Storyteller, writer, marketer. Founder of the Master Slam, a poetry slam-style debate about startups and tech. Former Director of Content at Help Scout. Former Executive Director of Boston Content, the largest community and career development resource for marketers in Boston. TEDx organizer and speaker trainer. Instructor at General Assembly and Startup Institute. Writing at medium.com/@devinemily.
How did you break into leadership?
I broke into leadership by saying no to a job offer. I was working at a startup doing community management and product marketing when I received an inbound job offer from another startup that wanted to hire me for a customer support role. I politely declined, as I had changed careers from support to marketing. The president of the company pressed me for a call, which I accepted. He was a good salesman, so he pitched me again on the support role, saying I could build my own team, etc. I said no, and to that, he asked, “What do you want to do?” I told him, and I ended up building and managing the support and marketing teams. They were both small teams, because it was a startup, but it was a great opportunity to grow my management skills.
I took a slight step back at my next job, which some people worry about—but it’s not career suicide. In my spare time, I ran my own TEDx event and managed a team of over 20 volunteers. I also took over leadership of a content marketing group with over 2K members and a 6-person board. Those extracurricular activities helped me land my last job as Director of Content at Help Scout.
What unique obstacles or challenges have you faced as a woman in a tech leadership role?
Until recently, I’ve never had a budget, while my male peers always have. I’ve worked that to my advantage by simply not asking for permission anymore. Oddly, that has worked quite well; I’ve never had to explain myself when I just do what I want. It’s when I ask permission that the microscope comes out.
My new hires have been either co-opted or micro-managed by my boss, to the extent that my entire leadership team fought over a potential hire that they were not going manage. I’ve been told not to fire people before, simply because the CEO liked the person. I’ve also had a VP of Marketing role offered to me, then rescinded weeks later, while at the same time being told the role I currently occupied was being removed and I would be fired if I couldn’t make VP—all without giving me a job description or expected timeline for leveling up to VP. A few weeks later, on the day I thought I would be fired, my boss told me he was going to “go easy on me” and hire a VP of Marketing, and that I could keep my job.
How do you negotiate a higher salary?
Salary is an important challenge for me, and one that I have taken head-on since the beginning. I always go into a salary or raise conversation knowing what I want, and I say no to a job when they lowball me. Typically that leads to them coming back to the table with a middle ground that I negotiate up with things like options, bonuses, and services (like insurance, travel expenses, etc.).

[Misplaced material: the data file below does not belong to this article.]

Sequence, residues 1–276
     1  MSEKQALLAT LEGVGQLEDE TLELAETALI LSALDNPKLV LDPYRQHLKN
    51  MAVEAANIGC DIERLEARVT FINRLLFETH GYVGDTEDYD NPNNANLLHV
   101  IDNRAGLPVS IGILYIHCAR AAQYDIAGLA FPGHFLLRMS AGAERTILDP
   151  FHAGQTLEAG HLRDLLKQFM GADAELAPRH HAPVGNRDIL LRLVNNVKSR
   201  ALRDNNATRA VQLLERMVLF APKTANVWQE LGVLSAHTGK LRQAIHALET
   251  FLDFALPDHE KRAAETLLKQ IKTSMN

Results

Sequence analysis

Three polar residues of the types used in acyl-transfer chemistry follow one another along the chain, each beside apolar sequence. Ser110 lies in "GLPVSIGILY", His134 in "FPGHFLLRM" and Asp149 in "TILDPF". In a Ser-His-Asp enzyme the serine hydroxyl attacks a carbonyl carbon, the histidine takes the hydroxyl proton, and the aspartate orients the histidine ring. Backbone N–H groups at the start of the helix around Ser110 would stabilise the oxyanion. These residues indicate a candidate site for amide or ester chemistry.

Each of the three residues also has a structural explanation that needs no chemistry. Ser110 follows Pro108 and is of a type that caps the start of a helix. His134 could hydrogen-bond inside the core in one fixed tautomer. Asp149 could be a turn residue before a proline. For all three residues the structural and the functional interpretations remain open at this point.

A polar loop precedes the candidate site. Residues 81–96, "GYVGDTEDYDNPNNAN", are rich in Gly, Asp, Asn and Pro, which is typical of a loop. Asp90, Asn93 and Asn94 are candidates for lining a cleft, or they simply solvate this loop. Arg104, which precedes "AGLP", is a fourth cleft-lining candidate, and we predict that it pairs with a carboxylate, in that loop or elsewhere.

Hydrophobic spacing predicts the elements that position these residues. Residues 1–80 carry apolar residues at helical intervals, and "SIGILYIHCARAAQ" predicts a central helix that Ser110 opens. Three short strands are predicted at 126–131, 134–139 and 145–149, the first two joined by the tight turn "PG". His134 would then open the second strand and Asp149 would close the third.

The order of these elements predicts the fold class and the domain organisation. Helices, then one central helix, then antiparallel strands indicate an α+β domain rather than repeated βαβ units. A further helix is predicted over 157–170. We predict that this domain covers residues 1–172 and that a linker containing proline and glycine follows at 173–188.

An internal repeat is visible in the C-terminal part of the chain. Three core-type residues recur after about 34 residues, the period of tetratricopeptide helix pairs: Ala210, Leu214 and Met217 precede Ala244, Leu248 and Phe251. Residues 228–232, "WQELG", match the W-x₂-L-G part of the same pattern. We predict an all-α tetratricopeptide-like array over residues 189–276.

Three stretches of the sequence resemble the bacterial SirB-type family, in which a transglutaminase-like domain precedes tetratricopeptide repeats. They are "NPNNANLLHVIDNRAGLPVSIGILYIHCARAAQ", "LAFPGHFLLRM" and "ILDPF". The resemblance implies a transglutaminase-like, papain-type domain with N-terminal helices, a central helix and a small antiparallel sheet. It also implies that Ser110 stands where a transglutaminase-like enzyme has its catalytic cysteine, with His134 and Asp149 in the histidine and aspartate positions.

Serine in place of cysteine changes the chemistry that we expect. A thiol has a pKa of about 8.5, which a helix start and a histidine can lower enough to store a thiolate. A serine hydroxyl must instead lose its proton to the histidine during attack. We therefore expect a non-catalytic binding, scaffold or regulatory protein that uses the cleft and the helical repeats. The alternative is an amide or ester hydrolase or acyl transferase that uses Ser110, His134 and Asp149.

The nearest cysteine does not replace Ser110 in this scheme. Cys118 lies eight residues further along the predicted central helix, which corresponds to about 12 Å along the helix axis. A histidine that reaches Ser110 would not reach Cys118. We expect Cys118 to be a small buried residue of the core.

When asking for a raise, I talk about accomplishments that can be pointed to, quantifiable professional development, numbers improved, etc. Basically, I never feel or want anything—I have a practical discussion that is centered around tangible accomplishments, growth, and corresponding role and compensation, both of which have industry standard minimums you can use as a baseline.
The biggest thing that has helped me, though, is saying no and walking away. There is no job that is so great that you deserve to be paid less for.
If you could do it all again, what would you do differently?
I would give a lot less f*cks a lot sooner in my career. I would realize how much more talented I am than my bosses ever paid me or recognized me for, and leave those companies for one that actually challenged me and gave me the trust, support, and respect to spread my wings. So much of my career has been fighting bad behavior and finding ways to grow outside of work. If I could do it all over again, I would quit companies faster, worry less about career history, and go after my dreams a whole lot sooner.
I would also question leadership as a path a lot earlier. You can make a great career as a contributor—management isn’t the only way to grow. I wish I had known that sooner, because management is a lot of spreadsheets and repeating the same things over and over to your boss or CEO. It’s also dealing with a lot of team challenges that you’ll never get recognition for. It can be rewarding, and some people love it, but I would have had a more serious heart-to-heart with myself earlier on to see if I cared more about being creative or business organization and numbers.
What’s been the highlight of your career thus far?
Helping other women through these challenges and having a tribe of successful, talented, kind, generous, and powerful women who help me, too. No tangible accomplishment measures up to the community I have, because it is what has kept me going through all the BS.
To be honest, the older I get, the less I give a sh*t about work and being successful at someone else’s company. I care about being happy and doing what I love. If that happens to be at a company, cool—but that’s not the point. The point is, the highlight that lasts and lifts even the darkest times is doing what you love.
Share something valuable or interesting with the community.
Failure is a ghost that haunted me for a while, and it ended up materializing in a way I never expected. So I wrote this story about it, which helped me get through a particularly harsh failure: You Failed…Or Did You?
Thanks to Jes Kirkwood who conducted this interview in January 2018.